Academic + Social-Emotional Intelligence = Success
What can a high-tech company like Google learn from a classroom at Fayerweather? It turns out quite a bit.
In 2012, Google used their significant resources to launch Project Aristotle, a study of hundreds of Google teams which searched for common attributes of high functioning teams. Researchers were initially puzzled. They found that although many different kinds of teams worked well together, attributes of one successful team might be at odds with those of another. There seemed to be dozens of important behaviors, but the combination of those behaviors was different in each group. Upon closer inspection, researchers discovered two characteristics common to all successful teams: each team member was afforded equal “air time” to share his or her opinion; and the teams were comprised of individuals who had high “social sensitivity”. In other words, they could “read the room” and adjust their own behavior appropriately to help the team move forward. Remember, both the highly functioning and poorly functioning teams were comprised of intelligent people. So, the difference between being able to apply one’s intelligence in a team setting came down to social skills.
Google discovered something that Fayerweather has known from the outset.
We view education as more than just academic progress. Instead of standardized tests, we use a wide variety of on-going informal and formal assessments which allow us to calibrate our teaching to meet the needs of the child and the class as a whole. At the same time, we pay close attention to children’s emotional intelligence and explicitly teach them how to work cooperatively, how to “read the room,”, and how to appropriately interact to create a positive learning environment. The combination of fine-tuned academic and social-emotional instruction results in graduates who excel in high school and beyond.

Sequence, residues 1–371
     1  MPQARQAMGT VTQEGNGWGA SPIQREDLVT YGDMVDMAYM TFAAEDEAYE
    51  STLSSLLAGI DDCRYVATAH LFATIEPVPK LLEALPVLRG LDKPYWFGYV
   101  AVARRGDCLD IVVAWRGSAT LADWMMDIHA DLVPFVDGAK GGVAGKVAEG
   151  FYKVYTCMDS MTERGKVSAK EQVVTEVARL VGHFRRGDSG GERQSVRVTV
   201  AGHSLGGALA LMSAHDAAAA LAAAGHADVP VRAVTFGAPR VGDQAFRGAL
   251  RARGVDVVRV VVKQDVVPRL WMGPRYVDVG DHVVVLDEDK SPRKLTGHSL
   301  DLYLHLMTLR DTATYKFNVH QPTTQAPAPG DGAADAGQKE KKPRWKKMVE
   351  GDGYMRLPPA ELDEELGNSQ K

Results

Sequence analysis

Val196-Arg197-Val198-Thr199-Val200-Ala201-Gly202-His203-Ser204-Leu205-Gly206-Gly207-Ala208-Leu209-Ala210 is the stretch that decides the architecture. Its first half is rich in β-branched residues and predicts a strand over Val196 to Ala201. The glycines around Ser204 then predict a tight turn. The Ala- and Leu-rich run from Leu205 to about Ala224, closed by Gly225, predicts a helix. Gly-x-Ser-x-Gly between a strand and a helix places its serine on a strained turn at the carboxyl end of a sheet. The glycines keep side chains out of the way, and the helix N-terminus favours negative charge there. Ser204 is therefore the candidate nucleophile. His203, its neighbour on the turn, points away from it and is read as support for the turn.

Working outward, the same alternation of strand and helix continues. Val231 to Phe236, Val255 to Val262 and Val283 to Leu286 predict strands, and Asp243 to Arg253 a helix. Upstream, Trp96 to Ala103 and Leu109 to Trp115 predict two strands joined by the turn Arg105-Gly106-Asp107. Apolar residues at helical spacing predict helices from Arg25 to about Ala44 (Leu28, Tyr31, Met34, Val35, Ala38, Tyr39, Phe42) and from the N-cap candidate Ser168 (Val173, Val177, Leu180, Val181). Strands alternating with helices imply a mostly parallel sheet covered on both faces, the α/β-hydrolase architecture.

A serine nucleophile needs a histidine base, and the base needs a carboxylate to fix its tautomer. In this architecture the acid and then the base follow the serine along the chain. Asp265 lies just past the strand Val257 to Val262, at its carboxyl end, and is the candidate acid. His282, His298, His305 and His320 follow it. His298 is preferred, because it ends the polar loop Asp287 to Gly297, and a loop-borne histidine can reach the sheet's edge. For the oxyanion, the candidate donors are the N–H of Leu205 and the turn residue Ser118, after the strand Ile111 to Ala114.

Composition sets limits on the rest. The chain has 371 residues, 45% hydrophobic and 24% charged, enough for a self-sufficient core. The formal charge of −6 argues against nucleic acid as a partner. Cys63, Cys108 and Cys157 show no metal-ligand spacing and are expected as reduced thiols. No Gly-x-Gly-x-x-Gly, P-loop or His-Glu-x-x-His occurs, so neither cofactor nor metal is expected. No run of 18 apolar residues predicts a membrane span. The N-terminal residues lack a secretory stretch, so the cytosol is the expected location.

How does Fayerweather teach these skills? One of my favorite examples comes from our 1st/ 2nd grade classroom. Each week, students keep a journal in which they write back and forth with their teachers. This allows the student and the teacher to learn about each other, and it allows the teacher to assess the child’s writing and model proper grammar, spelling and sentence structure. For one student who was having difficulty socializing and working with his peers, the teacher was able to use the journal for writing instruction and social skill building. In the journal, she asked the student to be a social detective. “This week your job is to study me! Be sneaky and see what I like and ask me questions about my interests, not about yours.” In the next journal entry the student asked, “What kind of tea is your favorite? I like Earl Gray.” Over the course of the year, the child’s writing improved, and he learned to enter social situations more smoothly resulting in a highly functioning classroom team!
Too often, the general public gives little credence to the emphasis on social skills in school and deems them niceties that detract from academic success. As Google discovered, teaching and emphasizing social-emotional intelligence is not an extra, it is a requirement for success in the modern workforce.
To learn more about Google’s Project Aristotle and its quest to build the perfect team, you can follow this link to the February 28, 2016 New York Times Magazine article.